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To help immigrants, stop towing their cars, activists say

As nation seethes over DACA, Philly activists ask mayor to help immigrants.
Immigrant advocacy group New Sanctuary Movement rallied at City Hall to support DACA. (Provided)

Mayor Jim Kenney can't reverse President Trump's vow to end the Obama-era DACA program in six months. But, immigrant advocates say, he can make other changes to improve the lives of undocumented residents.

Advocates from local immigration non-profit New Sanctuary Movement Philly, elected officials and religious leaders delivered 3,100 petitions Thursday asking for an end to 'Livestop,' a program used to automatically tow cars of people without a driver's license, registration or insurance.

According to New Sanctuary Movement, in 2016, the program affected 15,000 people and earned the Philadelphia Parking Authority $6.5 million towing, storage fees, and auctioning cars.

"Livestop penalizes poor people in Philadelphia, including immigrants, who drive to meet their basic needs by towing their cars," organizers from New Sanctuary Movement (NSM) said. "Undocumented people in the state of Pennsylvania do not have a legal right to a driver’s license in the first place, which means that they are at immediate risk of losing their cars regardless of the reason they are initially stopped for."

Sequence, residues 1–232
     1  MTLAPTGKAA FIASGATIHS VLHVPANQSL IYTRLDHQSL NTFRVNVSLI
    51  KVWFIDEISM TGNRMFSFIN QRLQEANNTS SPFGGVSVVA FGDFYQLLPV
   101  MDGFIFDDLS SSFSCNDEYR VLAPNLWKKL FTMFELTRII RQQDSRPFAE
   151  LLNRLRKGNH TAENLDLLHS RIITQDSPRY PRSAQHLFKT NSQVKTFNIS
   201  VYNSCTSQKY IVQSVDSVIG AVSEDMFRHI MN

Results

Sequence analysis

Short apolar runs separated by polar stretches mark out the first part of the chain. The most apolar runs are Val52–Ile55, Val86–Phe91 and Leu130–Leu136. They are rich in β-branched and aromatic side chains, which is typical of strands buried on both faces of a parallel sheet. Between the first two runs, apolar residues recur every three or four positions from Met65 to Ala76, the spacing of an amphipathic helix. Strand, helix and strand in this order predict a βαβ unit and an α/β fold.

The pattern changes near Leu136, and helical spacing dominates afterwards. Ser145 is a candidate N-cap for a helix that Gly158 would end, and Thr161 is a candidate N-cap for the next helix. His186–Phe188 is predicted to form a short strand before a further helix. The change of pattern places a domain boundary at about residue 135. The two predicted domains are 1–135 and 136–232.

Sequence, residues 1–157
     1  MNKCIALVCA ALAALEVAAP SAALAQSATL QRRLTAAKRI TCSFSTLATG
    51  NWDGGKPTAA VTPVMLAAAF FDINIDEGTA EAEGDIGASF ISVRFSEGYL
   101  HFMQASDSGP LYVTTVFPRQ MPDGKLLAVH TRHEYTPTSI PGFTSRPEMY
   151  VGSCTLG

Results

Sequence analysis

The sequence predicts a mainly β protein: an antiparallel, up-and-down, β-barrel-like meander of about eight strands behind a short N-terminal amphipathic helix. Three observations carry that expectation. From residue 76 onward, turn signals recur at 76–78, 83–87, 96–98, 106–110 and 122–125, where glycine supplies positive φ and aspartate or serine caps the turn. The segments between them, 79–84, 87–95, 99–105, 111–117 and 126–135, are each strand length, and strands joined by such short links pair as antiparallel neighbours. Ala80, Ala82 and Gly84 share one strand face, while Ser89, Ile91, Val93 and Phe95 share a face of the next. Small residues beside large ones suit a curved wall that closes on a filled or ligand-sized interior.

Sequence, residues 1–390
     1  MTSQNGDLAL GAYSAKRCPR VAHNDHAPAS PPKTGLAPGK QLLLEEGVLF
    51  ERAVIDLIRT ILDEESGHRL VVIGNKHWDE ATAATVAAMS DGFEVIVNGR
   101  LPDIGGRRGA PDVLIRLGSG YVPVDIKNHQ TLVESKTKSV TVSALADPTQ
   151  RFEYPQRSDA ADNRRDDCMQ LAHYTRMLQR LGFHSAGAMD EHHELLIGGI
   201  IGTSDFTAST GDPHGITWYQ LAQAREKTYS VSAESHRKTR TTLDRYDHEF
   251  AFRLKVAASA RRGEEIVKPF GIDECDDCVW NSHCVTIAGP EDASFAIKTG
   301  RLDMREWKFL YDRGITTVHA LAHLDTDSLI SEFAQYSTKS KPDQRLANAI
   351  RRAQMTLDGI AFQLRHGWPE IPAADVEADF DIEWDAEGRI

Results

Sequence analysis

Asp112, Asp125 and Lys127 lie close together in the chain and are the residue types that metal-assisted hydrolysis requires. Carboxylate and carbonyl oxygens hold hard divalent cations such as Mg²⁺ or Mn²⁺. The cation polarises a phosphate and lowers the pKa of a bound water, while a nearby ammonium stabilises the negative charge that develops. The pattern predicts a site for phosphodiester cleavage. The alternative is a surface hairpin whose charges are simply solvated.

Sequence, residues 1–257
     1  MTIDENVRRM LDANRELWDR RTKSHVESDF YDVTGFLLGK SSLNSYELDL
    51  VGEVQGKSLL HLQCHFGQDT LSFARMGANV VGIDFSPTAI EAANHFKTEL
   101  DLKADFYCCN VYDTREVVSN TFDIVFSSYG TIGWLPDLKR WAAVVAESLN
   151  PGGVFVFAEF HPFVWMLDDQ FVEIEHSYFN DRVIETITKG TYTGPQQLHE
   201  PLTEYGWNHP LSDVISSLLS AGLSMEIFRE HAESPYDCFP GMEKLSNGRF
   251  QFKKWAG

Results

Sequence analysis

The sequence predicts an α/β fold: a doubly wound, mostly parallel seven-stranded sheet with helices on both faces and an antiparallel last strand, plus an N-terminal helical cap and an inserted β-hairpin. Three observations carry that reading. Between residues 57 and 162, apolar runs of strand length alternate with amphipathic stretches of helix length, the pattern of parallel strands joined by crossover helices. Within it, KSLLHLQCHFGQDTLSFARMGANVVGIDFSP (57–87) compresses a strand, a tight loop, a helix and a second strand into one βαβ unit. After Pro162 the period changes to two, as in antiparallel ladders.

NSM member Silvia Rodrigues described having her car towed: “I was so sad and angry because I had just received my check and I had to use it to pay to get my car back," she said. "For the next two weeks, I had to borrow money from friends and family to make ends meet.”

Kenney's spokeswoman Lauren Hitt such changes would have to be made at the state level.

"Unfortunately, any changes to the Livestop program have to be addressed at the state level," Hitt said. "If we tried to make changes locally, our officers would have to ask immigrants' status information, which no one wants; or we’d risk people who don’t have a license for good reasons, like a long history of DUIs, getting their car back and hurting someone."

But NSM organizers were clear that they want Kenney to use his authority to help immigrants in Philly: "Mayor Kenney may not have the power to save DACA, but he does have the power to act locally to support the immigrant community," organizers said.

The group also rallied in support of DACA, the Obama-era program that provides so-called Dreamers, or undocumented immigrants brought to the US as children, a path to citizenship through eligibility for work permits.

Trump announced on Sept. 5 that Obama's DACA program would end in six months, and called on Congress to replace it with a new, similar program by that time.

Kenney previously said ending DACA would be a "tragedy... detrimental to our health as a nation and inherently un-American."